Visiting the Actual Island That Inspired Neverland
John Pielmeier Travels to the South Seas
“To be born is to be wrecked on an island.”
J.M. Barrie wrote this in his introduction to R.M. Ballantyne’s The Coral Island, and for me it has proven to be the surprising theme of my life. As it was of his.
Altoona, Pennsylvania, the town I grew up in, was very much an island. Situated in the heart of the Allegheny mountain range, it was the last city of its size (50,000) to be connected to the rest of the country by anything more than a two-lane highway. Barrie was born and raised in Kirriemuir, Scotland, a village much smaller than Altoona, though as isolated from the rest of the world. Both he and I chafed to escape our separate islands.
I first befriended Barrie while visiting the island of Ossabaw, off the coast of Georgia. I had just seen a production of his play What Every Woman Knows, and it was on Ossabaw that I read Andrew Birkin’s breathtaking J.M.Barrie and the Lost Boys and conceived of writing a play about Barrie. Barrie, for his part, worshipped and eventually befriended (via post) Robert Louis Stevenson, king of all fictional island-creators, who was living on the island of Western Samoa when Barrie began a correspondence. He invited Barrie to visit him on his Pacific paradise, but he died before Barrie could undertake the trip. (On my 50th birthday I made a pilgrimage to Western Samoa, and climbed the muddy path leading to Stevenson’s grave atop a mountain overlooking his home.)
Instead of journeying to Samoa, Barrie moved to London, where he became a wildly successful novelist. From the page he moved to the stage, and was soon a wildly successful playwright. The Admirable Crichton, arguably his most perfect play, concerns a group of liberal toffs shipwrecked on an island who survive only through the resourcefulness of their socially conservative butler. While inking this island into existence, Barrie began conceiving another island: Neverland rose from the sea of his friendship with the Llewellyn Davies boys, an imaginary Eden for their summertime adventures. It was inspired, of course, by Stevenson’s Treasured paradise.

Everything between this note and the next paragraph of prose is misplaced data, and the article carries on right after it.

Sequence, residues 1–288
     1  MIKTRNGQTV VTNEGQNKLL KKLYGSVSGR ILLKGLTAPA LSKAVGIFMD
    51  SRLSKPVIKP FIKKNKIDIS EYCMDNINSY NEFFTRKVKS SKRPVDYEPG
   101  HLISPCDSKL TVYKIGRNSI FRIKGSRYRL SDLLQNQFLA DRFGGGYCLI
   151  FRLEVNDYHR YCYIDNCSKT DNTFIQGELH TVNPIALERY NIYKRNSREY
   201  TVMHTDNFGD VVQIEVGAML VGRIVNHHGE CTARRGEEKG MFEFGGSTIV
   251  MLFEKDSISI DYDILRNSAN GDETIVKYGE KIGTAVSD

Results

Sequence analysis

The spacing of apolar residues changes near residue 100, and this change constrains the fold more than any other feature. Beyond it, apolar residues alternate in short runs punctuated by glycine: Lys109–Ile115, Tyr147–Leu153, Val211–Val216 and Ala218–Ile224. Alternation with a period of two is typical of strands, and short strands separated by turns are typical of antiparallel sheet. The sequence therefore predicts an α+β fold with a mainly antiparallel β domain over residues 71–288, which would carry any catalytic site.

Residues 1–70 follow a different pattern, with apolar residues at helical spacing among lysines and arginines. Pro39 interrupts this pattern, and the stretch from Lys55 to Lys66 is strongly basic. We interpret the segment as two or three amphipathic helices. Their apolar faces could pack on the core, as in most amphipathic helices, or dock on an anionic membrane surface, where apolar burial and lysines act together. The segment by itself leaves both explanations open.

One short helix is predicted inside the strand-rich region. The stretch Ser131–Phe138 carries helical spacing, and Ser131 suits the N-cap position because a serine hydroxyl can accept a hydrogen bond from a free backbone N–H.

Decades earlier, Stevenson had created his fantasy island while entertaining his young stepson. It began as a map, then became a story, a direct descendant of the original island saga, Defoe’s Robinson Crusoe. Defoe’s tale, in turn, was sparked by the real-life adventure of Alexander Selkirk, a seaman marooned on an island off the coast of Chile in 1704. Selkirk’s story prompted Defoe, Defoe’s tale fueled Stevenson, Stevenson’s adventure excited Barrie, and a history of literary inspiration grew into a family tree of fictional-island lore.
For me, it all came full circle when, in December of 2014, I took my wife on a South Sea Island cruise.
We boarded our boat in Valparaiso, Chile, heading for Tahiti. Our first stop was a tiny island now called Robinson Crusoe Island, the very one on which Selkirk was marooned for four years and which was later borrowed by Defoe.
In 1704 the island was uninhabited—no cannibals, and certainly no Friday. Today it consists of one tiny port-town and a lot of wonderful hiking trails. We took one of these trails to the top of the mountainous ridge dividing the island, a spot where Selkirk would daily light a bonfire hoping for rescue. The jungle was dense and the path steep, but the day was slightly overcast, hiding the merciless South Pacific sun behind a layer of gauze. Signs declared the floral lushness a World Biosphere Reserve, and we kept an eye out for the rare tit-tyrant (!) and the red-headed firecrown, an endangered hummingbird endemic to the island. What we found instead was even more remarkable.
The hike was wonderfully rigorous. We detoured to a spot that may have been Selkirk’s camp, a tiny clearing halfway up the mountain where he could rest between bonfires. At some point I stopped to catch my breath and gaze out at our cruise ship lying in the mouth of the bay below us and miles to the northeast. And that’s when the thunderbolt struck.
There was something weirdly familiar about this sight. Suddenly it dawned on me that 1) Selkirk had described the island to a London reporter whose description 2) in turn inspired Defoe’s map which 3) shaped Stevenson’s map which 4) was mirrored by Barrie. How could I know this? The proof lay before me: there in the mouth of the bay lay Hook’s ship, and later, when we topped the ridge of mountains, we could easily spot Mermaid’s Lagoon to the south and the promontory holding Tiger Lily’s village far to the northwest. I was walking through Neverland.
No wonder Hook had difficulty finding the Underground Home—the jungle is thick and nearly impenetrable! There was no need for me to question how Peter and the Pirates and Tiger Lily’s tribe fed themselves—the surrounding ocean is home to crab and lobster and countless fish! There are also several species of petrels (edible?), and if the island provides a breeding ground for penguins and seals (which it does), why not mermaids? “Where are the mermen?” I wondered next, and from there my curiosity grew.
Robinson Crusoe Island is the second largest of the Juan Fernandez Islands: was Neverland too one of several islands in its own archipelago? Where did Hook sail when he wasn’t anchored off Neverland? How did he practice piracy, if there were no other ships or settlements for him to plunder? For that matter, how did he find his way to Neverland in the first place? I knew that, according to Barrie, Hook was a graduate of Eton, but beyond that his life in England was a mystery. What was his story?
Thus the seeds for Hook’s Tale, my first novel, were planted: watered by Barrie, fertilized by Stevenson, germinated by Defoe, wafted on the desperate breath of poor marooned Selkirk. The spirit of inspiration was over three hundred years old, but fresh as this day’s adventure.